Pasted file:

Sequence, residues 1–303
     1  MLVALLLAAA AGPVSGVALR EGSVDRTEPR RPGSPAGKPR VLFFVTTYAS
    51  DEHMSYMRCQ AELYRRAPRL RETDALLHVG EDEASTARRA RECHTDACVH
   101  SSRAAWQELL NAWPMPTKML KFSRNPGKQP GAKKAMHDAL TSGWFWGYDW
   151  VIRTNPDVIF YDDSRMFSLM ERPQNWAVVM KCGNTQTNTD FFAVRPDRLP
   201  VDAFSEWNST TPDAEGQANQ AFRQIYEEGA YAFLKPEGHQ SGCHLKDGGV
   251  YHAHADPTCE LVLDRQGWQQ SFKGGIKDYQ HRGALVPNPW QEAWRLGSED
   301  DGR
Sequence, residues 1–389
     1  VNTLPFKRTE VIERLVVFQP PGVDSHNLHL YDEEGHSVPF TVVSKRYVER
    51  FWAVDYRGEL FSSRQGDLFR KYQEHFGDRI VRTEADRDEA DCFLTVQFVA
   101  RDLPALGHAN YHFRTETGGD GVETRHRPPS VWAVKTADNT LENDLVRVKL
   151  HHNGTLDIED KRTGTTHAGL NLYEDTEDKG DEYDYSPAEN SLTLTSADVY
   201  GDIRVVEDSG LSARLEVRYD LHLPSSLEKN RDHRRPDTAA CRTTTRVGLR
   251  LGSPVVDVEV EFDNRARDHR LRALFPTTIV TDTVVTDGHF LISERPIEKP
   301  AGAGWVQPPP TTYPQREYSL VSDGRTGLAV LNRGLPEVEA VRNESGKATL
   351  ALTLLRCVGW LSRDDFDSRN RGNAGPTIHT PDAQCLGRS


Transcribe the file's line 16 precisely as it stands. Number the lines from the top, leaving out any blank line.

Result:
   301  AGAGWVQPPP TTYPQREYSL VSDGRTGLAV LNRGLPEVEA VRNESGKATL